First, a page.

In a normal stationary scenario, the Installation would produce energy according to the usual local Insolation values. However, the fact that it's a tracker, leads to an INCREASE in the effective Insolation value. Using a US Government Insolation Reference, it looks safe to say that for at least a very large portion of the US, there's a 2 kWh/M2 difference in Annual Insolation between a "Flat Plate Tilted South at Latitude," and a "Two Axis Tracking Flat Plate." I know from previous calculations that 2 kWh/m2 is equivalent to an insolation ratio of 8.33%.

Let's put this percentage in terms of our original 2.1 kW System. Assume that the Stationary Installation is on a roof angled at latitude, in a region that recieves an average of 20% Insolation over the course of the year. In ideal conditions, this system will produce 2.1 kW*Year * 20% = 0.42 kW*Year = 3679kWh.

Now, let's put that same system on a tracker, thus increasing the effective Insolation Value by 8.33%. This system will produce 2.1 kW*Year * 28.33% = 0.59 kW*Year = 5212kWh.

We can see that an 8.33% increase of in the effective Insolation Ratio has increased the total Annual Energy Output by 29.5%!


Does the Tracker pay off?

To start out with, let's find out how much Energy each system will produce in 25 years. To be a bit more accurate to the real World, I'll take off 25% from each value to reflect Inverter losses, efficiency degredation over the 25 year lifespan, and variation from the Manufacturers Test Conditions that went into the initial rating of the Panels.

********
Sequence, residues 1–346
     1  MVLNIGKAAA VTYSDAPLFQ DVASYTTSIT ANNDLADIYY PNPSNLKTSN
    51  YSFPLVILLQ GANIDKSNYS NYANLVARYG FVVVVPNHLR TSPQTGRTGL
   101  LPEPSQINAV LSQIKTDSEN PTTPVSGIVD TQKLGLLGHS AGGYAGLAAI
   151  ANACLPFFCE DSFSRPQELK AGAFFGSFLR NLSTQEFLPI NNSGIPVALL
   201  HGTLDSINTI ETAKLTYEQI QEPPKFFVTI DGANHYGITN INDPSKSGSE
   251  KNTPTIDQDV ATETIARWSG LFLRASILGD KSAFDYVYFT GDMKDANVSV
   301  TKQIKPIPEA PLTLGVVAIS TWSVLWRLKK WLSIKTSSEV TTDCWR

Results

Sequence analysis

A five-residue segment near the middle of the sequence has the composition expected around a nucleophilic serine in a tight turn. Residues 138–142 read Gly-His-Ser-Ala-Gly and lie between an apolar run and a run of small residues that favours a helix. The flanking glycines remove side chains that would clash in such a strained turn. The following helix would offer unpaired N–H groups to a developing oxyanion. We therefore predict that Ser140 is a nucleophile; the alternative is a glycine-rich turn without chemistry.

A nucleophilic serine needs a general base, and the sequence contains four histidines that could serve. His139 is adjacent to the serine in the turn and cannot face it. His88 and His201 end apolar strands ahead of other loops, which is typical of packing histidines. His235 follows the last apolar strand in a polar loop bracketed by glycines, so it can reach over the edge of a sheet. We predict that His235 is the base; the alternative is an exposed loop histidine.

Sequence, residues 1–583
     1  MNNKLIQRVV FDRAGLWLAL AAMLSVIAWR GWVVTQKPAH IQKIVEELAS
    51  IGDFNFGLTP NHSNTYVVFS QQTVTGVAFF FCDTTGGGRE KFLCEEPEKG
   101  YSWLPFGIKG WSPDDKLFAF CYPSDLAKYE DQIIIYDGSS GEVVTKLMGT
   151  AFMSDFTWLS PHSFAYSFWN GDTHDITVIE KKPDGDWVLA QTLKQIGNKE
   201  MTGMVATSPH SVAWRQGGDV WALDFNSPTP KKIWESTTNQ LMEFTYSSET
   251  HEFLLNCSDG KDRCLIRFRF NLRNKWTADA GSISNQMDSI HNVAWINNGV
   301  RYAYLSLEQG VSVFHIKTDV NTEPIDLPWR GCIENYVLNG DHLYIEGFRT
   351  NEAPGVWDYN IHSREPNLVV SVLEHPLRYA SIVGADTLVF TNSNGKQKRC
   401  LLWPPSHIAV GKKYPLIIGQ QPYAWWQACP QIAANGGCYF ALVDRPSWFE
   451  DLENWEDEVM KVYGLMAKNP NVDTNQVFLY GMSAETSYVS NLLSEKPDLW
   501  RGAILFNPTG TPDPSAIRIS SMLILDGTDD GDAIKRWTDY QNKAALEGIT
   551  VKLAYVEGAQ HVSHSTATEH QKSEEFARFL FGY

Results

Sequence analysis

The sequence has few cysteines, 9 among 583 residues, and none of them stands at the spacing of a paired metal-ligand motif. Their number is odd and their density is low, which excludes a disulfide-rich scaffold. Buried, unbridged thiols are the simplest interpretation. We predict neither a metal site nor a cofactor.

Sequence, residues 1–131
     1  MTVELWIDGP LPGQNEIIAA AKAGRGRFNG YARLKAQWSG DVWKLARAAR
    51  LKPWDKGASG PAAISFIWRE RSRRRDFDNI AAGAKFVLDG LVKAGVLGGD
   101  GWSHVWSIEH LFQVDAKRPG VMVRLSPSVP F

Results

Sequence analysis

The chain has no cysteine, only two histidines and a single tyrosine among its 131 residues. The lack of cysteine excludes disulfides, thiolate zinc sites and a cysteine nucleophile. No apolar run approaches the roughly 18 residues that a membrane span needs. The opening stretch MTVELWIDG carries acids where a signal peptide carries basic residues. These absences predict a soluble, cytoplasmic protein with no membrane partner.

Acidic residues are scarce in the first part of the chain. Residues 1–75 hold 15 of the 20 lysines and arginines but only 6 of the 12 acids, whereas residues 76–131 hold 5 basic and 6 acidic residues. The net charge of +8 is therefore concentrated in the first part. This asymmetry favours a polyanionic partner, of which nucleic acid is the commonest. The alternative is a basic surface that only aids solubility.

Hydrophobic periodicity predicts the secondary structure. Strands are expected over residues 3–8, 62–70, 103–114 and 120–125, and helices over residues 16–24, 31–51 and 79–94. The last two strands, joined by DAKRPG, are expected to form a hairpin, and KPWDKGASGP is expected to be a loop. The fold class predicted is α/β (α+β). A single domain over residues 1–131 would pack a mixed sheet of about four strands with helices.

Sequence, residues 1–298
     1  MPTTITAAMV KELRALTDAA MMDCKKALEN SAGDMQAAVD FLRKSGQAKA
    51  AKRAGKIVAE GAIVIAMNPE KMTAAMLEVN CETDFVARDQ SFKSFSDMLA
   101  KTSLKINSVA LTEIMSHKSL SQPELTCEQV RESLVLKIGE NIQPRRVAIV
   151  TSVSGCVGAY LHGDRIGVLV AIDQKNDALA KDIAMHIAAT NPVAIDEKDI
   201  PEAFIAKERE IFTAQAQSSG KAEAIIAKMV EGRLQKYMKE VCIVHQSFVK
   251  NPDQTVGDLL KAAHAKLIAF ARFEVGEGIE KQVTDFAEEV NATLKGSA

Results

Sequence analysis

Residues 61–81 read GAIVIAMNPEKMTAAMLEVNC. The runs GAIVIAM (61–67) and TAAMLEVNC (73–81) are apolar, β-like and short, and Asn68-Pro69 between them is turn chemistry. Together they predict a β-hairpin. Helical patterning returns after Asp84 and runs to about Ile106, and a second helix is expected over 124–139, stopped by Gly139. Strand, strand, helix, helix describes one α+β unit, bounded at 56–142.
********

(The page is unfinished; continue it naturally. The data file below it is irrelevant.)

Stationary: 3679kWh/Year * 25 Years * .75 = 68,961kWh.

Tracking: 5212kWh/Year * 25 Years * .75 = 97,725kWh.

So, over the course of 25 Years, the Tracking System produces 28764kWh more than the Stationary System.

Since the Tracking System cost $3300 more than the Stationary System, this is our target to beat.

Taking the difference between the two outputs, and multiplying by a reasonable energy selling price ($.12/kWh) gives 28,764kWh * $.12/kWh = $3451, which, compared to the additional cost of the Tracking System ($3300) is a win over 25 Years, just barely.


Conclusion:

Yes, the tracker pays off slightly over 25 years, using rough estimations. Much would depend on the specific local conditions, and the Electricity Costs.


Final Comparison:

The Stationary Roof Installation had a Total Cost of $18900, or $9/Wp, and produced 68,961kWh over 25 Years.

$18900 / 68,961kWh = $.27 / kWh.

The Tracking Installation had a Total Cost of $22,200, or $10.57/Wp, and produced 97,725kWh over 25 Years.

$22,200 / 97,725kWh = $.23 / kWh.

From this, we can see quite clearly how, though the price per Peak Watt for a Tracking System is higher than for a Stationary System, the actual cost per unit of Energy of a Tracking System is lower.


Note:
Of course, there are many variables unaccounted for in these basic Calculations, including Government Subsidies, Interest on Loans, and Insurance Considerations. More detailed Calculations would have to be done on a specific case-by-case basis. I think this is good for a start.